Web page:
2008-05-01

Some Explanation to a Logical Implicaion of Logo for the APhO-9



Map of the star sky, 15th century copy of the Mongolian original
Map of the star sky, 15th century copy of the Mongolian original, made during the Yuan Dynasty (1271-1368).
Mongols are almost the only nation still keeping their nomadic traditions and lifestyle. Moreover, as nomads the astronomic knowledge was transferred down from generations with ability to determine quite precisely the year, month, day and timing by celestial locations of the Sun and Moon, other planets, stars and their constellations. On par with other Asian nations, the astronomy has been developing since ancient times as a science for Mongols with deep worship of the blue sky and eternal heavens. Also, Mongolia become a first among Asian nations to send its astronaut for outer space exploration as well as one of the countries to create a measurement instrument and conduct a space test of the Solar light polarization. Thus, Mongols are proud with many achievements in its astronomy and outer space research. There are many more folk tales and stories connected with explanations of astronomic phenomena. Therefore, in commemorating this auspicious specific tradition of Mongols, we have created the “O” sign, as first letter of the word “OLYMPIAD”, from the photo of the most interesting natural phenomena called “Diamond Ring”, taken by Mongolian astrophysics researchers during a total Solar eclipse occurred on 29th March 2006.  
Some Additional Information


1. About Total Solar Eclipse on Wednesday, 29th day of March month of 2006

  On Wednesday, 29th day of March month of 2006, a total eclipse of the Sun was visible from within a narrow corridor which traverses half the Earth. The path of the Moon's umbral shadow began in Brazil and extended across the Atlantic, northern Africa, and central Asia where it ended at sunset in western Mongolia. A partial eclipse was seen within the much broader path of the Moon's pen umbral shadow, which included the northern two thirds of Africa, Europe, and central Asia.

Image 2. Observation Location
Mongolian astrophysics expedition has conducted observation of this solar eclipse in the location (φ= 43°16′64, λ= 42°30′08) on the mountain peak, named of "Elbrus" in the north Caucasus, Kabardino-Balkaria, Russian Federation) territory (at the Universal Time: UT= 11h15m) where the Sun height was about 43 degrees. The point of observation was comparatively higher than above the sea level (h=3094 m: by GPS hand measurement). The fact that a total eclipse of the Sun was observed when the Sun was located at the highest height or near the meridian (10h15.5m UT: exact timing of reaching the meridian by the Sun) as well as that the skies were crystal clear has provided an enabling environment for this photo shoot. Moreover, this was one of those rare opportunities and lucky moments for astrophysics researchers that further enhanced a scientific value of the taken material.

3. The following are some examples of the photos taken during our observation of a Total Solar Eclipse:
 
Image    Contents
 Recorded information 
 Image information 
 ·File name  PICT0199.JPG
 ·File size  3.5 MB
 ·Updated  2006/03/29 11: 16:12
 Exif Information
 ·Shutter Speed   1/2000
 ·Aperture   F3.5
 ·Camera Sensitivity  ISO 400
 ·Date / Time  3/29/2006 11: 16:12
 ·Brightness Value  4.0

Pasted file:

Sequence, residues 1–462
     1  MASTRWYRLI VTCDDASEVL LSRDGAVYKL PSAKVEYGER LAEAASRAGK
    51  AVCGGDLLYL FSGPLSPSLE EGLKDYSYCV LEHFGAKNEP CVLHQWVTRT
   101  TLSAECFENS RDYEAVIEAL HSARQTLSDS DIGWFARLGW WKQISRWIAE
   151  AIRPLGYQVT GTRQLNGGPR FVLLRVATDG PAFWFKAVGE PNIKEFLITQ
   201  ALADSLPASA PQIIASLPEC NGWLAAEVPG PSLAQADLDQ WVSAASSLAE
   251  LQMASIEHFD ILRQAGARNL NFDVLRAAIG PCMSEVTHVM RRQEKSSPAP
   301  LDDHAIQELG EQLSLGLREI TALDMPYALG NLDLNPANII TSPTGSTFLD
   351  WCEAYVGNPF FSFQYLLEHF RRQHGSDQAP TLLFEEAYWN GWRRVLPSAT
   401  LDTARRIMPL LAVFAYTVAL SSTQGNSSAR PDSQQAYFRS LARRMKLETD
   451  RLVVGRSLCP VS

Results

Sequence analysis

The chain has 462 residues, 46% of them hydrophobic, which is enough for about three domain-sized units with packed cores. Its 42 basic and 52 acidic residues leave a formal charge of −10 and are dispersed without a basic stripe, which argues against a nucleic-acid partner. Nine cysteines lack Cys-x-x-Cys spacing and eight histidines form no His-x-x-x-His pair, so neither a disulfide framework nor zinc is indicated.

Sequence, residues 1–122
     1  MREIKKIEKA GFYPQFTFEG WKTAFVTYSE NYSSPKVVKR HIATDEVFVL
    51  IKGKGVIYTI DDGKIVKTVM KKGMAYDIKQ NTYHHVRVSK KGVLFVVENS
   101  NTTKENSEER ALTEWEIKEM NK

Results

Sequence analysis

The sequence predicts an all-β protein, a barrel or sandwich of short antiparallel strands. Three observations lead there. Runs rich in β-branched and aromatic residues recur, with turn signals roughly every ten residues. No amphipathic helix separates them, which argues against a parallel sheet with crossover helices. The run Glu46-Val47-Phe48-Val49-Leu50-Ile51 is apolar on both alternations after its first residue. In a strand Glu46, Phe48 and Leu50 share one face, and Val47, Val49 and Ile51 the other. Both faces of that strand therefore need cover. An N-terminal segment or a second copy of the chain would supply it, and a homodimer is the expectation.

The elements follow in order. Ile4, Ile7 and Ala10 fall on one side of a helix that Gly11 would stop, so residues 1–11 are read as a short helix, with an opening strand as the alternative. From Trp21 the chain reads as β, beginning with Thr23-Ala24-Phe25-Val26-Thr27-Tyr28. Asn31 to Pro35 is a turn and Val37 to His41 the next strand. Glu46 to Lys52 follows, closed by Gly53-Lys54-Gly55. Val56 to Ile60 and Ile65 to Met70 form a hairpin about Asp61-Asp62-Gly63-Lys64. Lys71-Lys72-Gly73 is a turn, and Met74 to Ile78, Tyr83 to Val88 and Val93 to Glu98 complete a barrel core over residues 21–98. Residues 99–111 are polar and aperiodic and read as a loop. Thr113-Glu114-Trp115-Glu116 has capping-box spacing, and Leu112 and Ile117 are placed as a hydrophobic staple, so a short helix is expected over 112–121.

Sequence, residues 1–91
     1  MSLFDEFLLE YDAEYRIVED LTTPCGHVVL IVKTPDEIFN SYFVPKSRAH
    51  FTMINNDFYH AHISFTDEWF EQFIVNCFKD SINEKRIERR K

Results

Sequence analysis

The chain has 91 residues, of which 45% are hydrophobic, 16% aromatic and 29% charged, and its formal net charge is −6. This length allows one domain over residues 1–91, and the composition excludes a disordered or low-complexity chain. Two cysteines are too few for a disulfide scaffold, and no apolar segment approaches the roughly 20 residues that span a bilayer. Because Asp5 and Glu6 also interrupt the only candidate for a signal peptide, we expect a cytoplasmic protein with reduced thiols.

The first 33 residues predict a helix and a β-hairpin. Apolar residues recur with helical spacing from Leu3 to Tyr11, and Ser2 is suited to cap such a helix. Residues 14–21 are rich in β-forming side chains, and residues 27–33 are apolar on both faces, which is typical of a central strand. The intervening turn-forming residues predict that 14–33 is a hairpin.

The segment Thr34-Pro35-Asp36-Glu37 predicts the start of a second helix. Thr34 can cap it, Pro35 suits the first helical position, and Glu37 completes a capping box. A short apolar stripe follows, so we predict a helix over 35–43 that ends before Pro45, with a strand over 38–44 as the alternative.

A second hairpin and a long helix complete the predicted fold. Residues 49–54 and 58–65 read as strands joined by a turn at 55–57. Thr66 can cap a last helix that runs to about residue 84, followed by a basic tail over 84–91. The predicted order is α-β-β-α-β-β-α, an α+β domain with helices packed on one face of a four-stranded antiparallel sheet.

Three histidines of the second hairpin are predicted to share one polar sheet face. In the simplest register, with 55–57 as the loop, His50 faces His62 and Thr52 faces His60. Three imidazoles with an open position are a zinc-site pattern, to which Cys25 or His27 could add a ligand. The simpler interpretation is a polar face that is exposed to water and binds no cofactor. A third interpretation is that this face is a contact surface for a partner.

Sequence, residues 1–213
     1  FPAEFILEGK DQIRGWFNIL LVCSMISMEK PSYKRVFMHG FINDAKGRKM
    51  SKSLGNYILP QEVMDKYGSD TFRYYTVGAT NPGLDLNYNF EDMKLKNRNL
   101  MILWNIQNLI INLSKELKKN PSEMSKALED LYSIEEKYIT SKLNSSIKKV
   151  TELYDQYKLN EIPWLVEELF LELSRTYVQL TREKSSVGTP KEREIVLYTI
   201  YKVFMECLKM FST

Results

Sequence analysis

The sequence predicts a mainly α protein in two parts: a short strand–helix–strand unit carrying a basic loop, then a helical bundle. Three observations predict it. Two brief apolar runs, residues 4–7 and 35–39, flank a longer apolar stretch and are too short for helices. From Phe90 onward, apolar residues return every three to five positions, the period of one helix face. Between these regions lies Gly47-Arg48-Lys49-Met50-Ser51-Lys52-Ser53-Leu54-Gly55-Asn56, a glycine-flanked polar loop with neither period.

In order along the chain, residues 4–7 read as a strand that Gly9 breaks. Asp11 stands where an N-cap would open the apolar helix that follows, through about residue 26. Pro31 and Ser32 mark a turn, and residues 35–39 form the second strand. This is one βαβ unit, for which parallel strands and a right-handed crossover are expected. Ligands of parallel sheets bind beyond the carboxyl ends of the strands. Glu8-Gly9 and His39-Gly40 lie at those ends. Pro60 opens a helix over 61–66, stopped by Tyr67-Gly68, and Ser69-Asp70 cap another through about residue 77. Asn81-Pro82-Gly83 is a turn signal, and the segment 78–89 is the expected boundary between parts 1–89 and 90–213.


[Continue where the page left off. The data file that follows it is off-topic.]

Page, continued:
·Max. Aperture of Lens  F3.5
 ·Lens Focal Length  50.8 mm
 ·(35mm equivalent)  200 mm
 
 Image     Contents
 Recorded information 
 Image information 
 ·File name  PICT0204.JPG
 ·File size  3.6MB
 ·Updated  2006/03/29 11: 16:48
 Exif Information
 ·Shutter Speed   1/125
 ·Aperture   F3.5
 ·Camera Sensitivity  ISO 400
 ·Date / Time  3/29/2006 11: 16:47
 ·Brightness Value  0.7
 ·Max. Aperture of Lens  F3.5
 ·Lens Focal Length  50.8 mm
 ·(35mm equivalent)  200 mm
   
 Image    Contents
 Recorded information 
 Image information 
 ·File name  PICT0214.JPG
 ·File size  2.2MB
 ·Updated  2006/04/28 18: 23:28
 Exif Information
 ·Shutter Speed   1/125
 ·Aperture   F3.5
 ·Camera Sensitivity  ISO 400
 ·Date / Time  3/29/2006 11: 19:39
 ·Brightness Value  3.2
 ·Max. Aperture of Lens  F3.5
 ·Lens Focal Length  50.8 mm
 ·(35mm equivalent)  200 mm
 
 
 Image    Contents
 Recorded information 
 Image information 
 ·File name  PICT0216.JPG
 ·File size  2.3MB
 ·Updated  2006/03/29 11: 19:41
 Exif Information
 ·Shutter Speed   1/125
 ·Aperture   F3.5
 ·Camera Sensitivity  ISO 400
 ·Date / Time  3/29/2006 11: 19:39
 ·Brightness Value  4.8
 ·Max. Aperture of Lens  F3.5
 ·Lens Focal Length  50.8 mm
 ·(35mm equivalent)  200 mm
A coronal mass ejection (CME) is an ejection of material from the solar corona, usually observed with a white-light coronagraph. The ejected material is a plasma consisting primarily of electrons and protons (in addition to small quantities of heavier elements such as helium, oxygen, and iron), plus the entrained coronal magnetic field.

The first detection of a CME was made on December 14, 1971 by R. Tousey (1973) using the 7th Orbiting Solar Observatory (OSO-7). And the photos of the natural phenomena, called "CME", were taken by Mongolian astrophysics researchers during the Total Solar Eclipse occurred on 29th March 2006.
Image
a
Image
b
A comparison of the photos taken from the SOHO space station with the photos taken during the Total Solar Eclipse through the "Green"and "Red" filters.

4. The following are examples of photos taken before, during and after the Total Solar Eclipse at "Prielbrusiye":
 Image
-A picture of the two days before the Total Solar Eclipse in "Terskol" Astronomical Observatory at the Prielbrusiye mountain.
Image
-A view in the morning of the Total Solar Eclipse.
Image
-A view observed during the Partial Solar Eclipse.
Image
-A view observed during the Total Solar Eclipse.
Image
-A morning view of the following day after the Total Solar Eclipse.












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